Pioneering trial could cure haemophilia
30 January 2018
The haematology team at University Hospitals Birmingham NHS Foundation Trust (UHB), in partnership with colleagues at the NIHR Wellcome Trust Clinical Research Facility (CRF), has recently worked on a national study that could potentially cure haemophilia.
The trial, which involved six Trusts nationally, saw 13 patients injected with a copy of the protein factor VIII, which is needed for blood to clot.
Haemophilia patients have virtually none of this missing gene, but the copy allowed cells to produce the missing factor, allowing all 13 patients to stop regular treatment.
Obayed Khan, 25, was recruited for the trial, and now has normal levels of the missing protein factor, 19 months on from the injection.
Obayed said: “This trial has been life-changing for me, and I’d really like to thank everyone involved.
“I’m really excited to be part of medical history, and it’s great to think gene therapy could help others with chronic illness.”
Dr Gillian Lowe, Consultant Haematologist, said: “The results of this trial have surpassed our wildest expectations.
“It’s the first treatment option that could potentially cure those with haemophilia, rather than just replace the factors that clot blood.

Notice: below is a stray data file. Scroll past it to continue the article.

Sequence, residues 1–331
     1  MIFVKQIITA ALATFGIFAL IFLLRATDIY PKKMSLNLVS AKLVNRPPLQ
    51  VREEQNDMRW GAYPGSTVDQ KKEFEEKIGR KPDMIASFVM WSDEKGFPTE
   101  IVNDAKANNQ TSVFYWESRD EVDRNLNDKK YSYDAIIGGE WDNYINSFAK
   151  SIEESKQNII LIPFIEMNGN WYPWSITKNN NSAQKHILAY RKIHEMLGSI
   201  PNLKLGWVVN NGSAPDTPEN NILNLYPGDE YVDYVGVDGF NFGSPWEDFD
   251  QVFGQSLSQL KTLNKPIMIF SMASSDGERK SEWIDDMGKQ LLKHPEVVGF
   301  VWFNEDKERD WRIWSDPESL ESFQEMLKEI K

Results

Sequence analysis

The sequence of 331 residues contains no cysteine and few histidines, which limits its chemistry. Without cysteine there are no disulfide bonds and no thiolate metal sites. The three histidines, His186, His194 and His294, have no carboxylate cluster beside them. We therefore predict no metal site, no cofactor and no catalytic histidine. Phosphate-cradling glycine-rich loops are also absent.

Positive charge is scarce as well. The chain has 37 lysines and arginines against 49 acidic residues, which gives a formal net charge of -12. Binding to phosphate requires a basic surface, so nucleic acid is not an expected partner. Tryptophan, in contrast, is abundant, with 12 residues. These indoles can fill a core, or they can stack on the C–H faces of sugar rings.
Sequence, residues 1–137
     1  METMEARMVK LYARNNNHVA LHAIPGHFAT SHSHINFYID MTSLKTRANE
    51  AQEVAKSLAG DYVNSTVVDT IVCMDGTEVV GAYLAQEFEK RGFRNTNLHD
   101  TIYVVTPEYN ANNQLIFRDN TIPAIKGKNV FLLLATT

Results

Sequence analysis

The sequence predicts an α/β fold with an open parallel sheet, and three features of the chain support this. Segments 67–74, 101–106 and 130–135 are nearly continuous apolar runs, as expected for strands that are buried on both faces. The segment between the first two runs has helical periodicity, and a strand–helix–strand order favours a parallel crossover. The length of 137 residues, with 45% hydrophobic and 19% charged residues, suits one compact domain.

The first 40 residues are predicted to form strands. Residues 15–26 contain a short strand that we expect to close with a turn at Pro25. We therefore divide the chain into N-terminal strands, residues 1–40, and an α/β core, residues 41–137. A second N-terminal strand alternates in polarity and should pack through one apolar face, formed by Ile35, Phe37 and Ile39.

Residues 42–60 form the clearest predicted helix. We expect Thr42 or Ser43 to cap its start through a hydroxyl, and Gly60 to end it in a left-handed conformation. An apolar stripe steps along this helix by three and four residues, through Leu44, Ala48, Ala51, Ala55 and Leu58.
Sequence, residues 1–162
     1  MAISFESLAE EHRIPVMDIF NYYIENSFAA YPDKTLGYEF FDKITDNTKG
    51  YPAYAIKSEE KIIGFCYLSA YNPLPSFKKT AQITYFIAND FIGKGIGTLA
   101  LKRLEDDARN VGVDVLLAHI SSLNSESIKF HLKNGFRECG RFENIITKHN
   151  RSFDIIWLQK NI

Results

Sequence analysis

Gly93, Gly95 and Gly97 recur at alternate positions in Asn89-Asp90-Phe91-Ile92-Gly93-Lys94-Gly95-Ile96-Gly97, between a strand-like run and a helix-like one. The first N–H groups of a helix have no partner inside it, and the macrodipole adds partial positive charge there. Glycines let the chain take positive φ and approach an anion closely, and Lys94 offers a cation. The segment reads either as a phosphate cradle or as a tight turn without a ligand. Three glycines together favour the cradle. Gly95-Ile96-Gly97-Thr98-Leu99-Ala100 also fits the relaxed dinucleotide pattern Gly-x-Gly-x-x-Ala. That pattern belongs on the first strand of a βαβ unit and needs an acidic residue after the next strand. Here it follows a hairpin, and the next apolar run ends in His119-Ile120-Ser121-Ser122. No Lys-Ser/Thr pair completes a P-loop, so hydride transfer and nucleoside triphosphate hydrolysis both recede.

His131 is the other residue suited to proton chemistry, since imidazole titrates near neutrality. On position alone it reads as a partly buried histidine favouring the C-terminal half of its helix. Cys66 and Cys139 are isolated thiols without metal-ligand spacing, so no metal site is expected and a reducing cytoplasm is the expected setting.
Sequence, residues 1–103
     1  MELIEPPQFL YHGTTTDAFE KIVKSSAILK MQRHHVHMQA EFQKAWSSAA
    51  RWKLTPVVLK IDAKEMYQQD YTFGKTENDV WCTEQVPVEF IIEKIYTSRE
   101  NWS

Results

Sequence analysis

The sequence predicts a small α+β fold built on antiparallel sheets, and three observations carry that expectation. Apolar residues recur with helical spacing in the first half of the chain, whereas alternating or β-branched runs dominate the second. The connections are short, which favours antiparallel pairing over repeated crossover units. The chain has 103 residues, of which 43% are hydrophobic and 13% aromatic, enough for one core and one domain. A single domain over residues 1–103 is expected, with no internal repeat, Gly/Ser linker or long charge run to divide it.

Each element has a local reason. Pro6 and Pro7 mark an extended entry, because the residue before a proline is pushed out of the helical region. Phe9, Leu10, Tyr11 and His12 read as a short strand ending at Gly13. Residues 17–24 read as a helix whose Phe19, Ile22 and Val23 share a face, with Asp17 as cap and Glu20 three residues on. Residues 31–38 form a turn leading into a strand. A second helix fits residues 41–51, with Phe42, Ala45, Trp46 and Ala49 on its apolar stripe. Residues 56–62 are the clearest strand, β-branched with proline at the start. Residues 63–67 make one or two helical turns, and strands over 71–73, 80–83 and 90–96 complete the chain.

“The possibility of a single treatment to produce factor VIII could transform care for people with haemophilia, who currently have to inject themselves on a regular basis to prevent prolonged bleeding.
“We are currently setting up the next phase of this study, in partnership with other Trusts.”
It is estimated there are about 2,000 people with haemophilia in the UK.
Though there is currently no cure, injections and other are available for those with haemophilia.
Those with haemophilia can suffer excessive bleeding, even from slight injuries, as their blood is unable to clot effectively, because of the absence of protein factor VIII.
The condition is usually inherited, and most people with the condition are male.
The results have been published, co-authored by leads at the six Trusts, in the New England Journal of Medicine.